BEIJING, Feb. 27 -- China's new "baby boom" is not of the demographic variety. New financial systems and products are being born everywhere, bringing trouble to some and great expectations for many.
The financial baby boom started when Jack Ma's online currency fund Yu'e Bao (Leftover Treasure) grew from almost nothing to a global leader, with 50 million investors stumping up 400 billion yuan (65 billion U.S. dollars) in just eight months.
The very simple recipe of a low investment threshold and high yield has catapulted Yu'e Bao and partner Tian Hong Asset Management from obscurity last June, to close to the top of the world today.
The miracle bred many envious copycats who began clawing at the market, scrapping for Internet investors, even going so far as to borrow auspicious characters in their names: "Bao" means both baby and treasure in Chinese.
Niu Wenxin, a highly regarded commentator with the national broadcaster CCTV, went so far as to call Yu'e Bao a "financial parasite" draining "blood" from banks, and the new financial "babies" are now in the sights of many wily old predators.
When Niu described funds like Yu'e Bao as another "central bank" with variable yields and huge capital, his hidebound attempt to nullify the new funds like Yu'e Bao got little support. Doubts and refutation flooded the Internet: What are these funds? Vampires or messiahs?
The creator of Yu'e Bao, Alipay, is angling for floatation on the New York Stock Exchange. The proud parent company posted a long statement online, defending their fat offspring and pouring sarcastic scorn over Niu. Alipay's counterstatement has been reposted and "liked" over 10,000 times.
"Niu knows nothing about finance or innovation," said a "financial analyst" with screen name "Yufenghui".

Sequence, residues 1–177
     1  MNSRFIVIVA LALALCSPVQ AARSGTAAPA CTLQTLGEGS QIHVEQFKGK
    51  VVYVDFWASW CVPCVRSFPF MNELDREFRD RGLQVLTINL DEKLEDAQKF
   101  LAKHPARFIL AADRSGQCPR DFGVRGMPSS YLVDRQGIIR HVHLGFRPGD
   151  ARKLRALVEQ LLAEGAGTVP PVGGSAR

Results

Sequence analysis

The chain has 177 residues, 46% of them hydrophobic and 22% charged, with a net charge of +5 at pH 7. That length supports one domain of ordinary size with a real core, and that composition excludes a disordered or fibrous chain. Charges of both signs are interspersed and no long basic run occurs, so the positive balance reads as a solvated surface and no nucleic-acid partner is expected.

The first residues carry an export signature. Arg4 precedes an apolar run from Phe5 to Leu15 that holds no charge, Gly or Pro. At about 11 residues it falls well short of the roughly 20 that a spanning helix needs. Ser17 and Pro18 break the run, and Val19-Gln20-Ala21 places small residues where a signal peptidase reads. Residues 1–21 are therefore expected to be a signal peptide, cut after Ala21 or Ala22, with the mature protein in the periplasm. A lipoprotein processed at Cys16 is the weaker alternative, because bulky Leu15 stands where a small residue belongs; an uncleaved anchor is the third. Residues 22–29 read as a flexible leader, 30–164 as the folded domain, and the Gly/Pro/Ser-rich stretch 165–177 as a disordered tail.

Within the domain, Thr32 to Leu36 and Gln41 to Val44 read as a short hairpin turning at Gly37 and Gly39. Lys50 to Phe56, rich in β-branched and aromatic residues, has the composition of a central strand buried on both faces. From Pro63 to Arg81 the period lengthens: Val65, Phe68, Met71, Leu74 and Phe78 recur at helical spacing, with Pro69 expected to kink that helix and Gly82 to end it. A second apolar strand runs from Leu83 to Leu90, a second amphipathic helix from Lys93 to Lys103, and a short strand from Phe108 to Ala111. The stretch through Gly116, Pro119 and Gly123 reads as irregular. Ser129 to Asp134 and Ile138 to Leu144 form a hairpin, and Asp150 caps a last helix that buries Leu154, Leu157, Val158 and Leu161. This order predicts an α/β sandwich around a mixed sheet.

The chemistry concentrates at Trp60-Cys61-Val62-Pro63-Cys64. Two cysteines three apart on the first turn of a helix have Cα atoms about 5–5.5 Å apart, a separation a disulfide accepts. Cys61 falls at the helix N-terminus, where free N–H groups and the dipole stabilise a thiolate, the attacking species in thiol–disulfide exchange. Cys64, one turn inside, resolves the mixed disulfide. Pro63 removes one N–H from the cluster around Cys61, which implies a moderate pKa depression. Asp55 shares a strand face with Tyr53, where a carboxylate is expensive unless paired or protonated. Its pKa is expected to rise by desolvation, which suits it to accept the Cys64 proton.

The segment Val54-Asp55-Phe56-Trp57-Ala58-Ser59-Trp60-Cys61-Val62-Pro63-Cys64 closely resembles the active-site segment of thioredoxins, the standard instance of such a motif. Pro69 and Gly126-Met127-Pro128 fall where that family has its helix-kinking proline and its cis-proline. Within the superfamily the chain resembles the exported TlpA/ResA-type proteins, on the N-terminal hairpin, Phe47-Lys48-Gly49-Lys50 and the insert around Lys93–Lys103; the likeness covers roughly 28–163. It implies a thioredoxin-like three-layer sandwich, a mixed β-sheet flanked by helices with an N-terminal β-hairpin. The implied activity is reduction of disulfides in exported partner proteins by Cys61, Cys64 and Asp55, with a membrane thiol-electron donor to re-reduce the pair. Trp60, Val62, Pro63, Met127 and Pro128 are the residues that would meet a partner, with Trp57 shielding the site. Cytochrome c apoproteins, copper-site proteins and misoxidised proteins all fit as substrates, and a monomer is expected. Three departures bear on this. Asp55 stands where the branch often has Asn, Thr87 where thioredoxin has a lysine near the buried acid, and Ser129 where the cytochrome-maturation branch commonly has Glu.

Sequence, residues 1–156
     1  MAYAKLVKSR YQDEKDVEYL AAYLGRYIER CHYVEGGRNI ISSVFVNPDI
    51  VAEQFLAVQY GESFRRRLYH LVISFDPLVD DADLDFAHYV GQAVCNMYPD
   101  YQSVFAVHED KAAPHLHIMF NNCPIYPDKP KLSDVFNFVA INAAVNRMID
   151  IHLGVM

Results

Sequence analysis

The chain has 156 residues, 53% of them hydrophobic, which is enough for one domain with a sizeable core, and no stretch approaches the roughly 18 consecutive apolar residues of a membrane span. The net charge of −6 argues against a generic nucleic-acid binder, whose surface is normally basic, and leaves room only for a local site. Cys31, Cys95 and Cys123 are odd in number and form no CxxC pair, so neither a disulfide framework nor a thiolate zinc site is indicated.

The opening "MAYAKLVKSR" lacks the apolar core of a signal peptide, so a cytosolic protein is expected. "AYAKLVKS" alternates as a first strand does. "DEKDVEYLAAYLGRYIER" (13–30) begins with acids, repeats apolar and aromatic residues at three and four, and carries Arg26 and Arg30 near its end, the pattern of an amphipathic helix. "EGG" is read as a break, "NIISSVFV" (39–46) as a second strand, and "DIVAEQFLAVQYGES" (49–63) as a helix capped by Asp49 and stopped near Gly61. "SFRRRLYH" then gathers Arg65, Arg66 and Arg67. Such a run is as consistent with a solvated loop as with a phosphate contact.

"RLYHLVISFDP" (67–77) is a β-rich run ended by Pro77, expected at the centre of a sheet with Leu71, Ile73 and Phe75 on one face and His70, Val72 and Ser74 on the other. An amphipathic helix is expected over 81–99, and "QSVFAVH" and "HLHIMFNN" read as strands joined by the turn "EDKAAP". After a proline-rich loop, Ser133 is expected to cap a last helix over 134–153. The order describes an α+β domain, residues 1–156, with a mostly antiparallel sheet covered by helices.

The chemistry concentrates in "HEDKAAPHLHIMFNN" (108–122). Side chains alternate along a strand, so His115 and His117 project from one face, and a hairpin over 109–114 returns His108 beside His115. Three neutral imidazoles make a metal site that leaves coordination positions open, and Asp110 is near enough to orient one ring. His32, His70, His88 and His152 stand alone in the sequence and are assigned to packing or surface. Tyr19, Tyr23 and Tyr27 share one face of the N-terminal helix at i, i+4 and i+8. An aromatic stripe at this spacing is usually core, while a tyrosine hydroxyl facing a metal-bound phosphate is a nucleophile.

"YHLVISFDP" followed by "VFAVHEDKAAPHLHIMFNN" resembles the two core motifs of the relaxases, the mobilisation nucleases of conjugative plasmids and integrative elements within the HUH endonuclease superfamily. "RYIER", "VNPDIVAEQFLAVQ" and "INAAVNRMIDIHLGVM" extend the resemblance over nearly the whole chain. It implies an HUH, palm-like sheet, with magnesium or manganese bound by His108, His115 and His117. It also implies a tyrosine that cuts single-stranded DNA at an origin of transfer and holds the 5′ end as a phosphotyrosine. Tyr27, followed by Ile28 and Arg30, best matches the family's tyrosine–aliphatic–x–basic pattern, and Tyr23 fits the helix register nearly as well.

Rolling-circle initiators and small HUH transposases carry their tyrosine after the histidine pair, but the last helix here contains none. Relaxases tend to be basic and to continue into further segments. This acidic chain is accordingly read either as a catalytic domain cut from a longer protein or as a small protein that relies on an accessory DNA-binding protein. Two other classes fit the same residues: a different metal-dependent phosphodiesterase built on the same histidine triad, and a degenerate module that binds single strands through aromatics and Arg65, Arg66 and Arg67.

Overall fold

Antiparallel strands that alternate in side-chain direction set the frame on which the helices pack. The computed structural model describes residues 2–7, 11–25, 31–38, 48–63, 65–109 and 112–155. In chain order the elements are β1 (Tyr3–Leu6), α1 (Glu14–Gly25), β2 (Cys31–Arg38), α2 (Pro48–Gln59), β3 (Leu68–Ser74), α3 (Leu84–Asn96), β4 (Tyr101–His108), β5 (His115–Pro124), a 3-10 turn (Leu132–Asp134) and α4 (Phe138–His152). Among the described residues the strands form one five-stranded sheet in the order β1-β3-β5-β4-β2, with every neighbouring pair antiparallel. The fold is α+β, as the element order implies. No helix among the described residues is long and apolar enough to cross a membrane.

Yufenghui thinks Niu epitomizes the old guard of monopoly finance, and it is quite clear that statements from former bank bosses say more about banks' defensive situation than the vigorous new babies.
As Yufenghui points out, a former vice president of the central bank, a former deputy director of the banking regulator and former president of the largest state-owned bank all oppose Yu'e Bao and, indeed, any online financial products.
"Dongxingguilai" declared that Yu'e Bao did not deserve such pressure because it is "neither great or vile", but basically just a money fund with successful marketing.
Other netizens just mocked Niu for "boldly" comparing the central bank to a vampire.
In fact, traditional banking is simply chasing the market. Products like "Xian Jin Bao" (Cash Treasure) and "Li Cai Tong" (Finance Key) have been cobbled together by traditional banks, rendering Niu's "parasite" metaphor something of a shambles.
The key to the dispute lies in the decisive role of market, as stressed in China's current economic reform, in setting interest rates on deposits and loans. The days of easy money from huge interest margins will soon be gone for the commercial banks, as the new babies take their first tottering steps.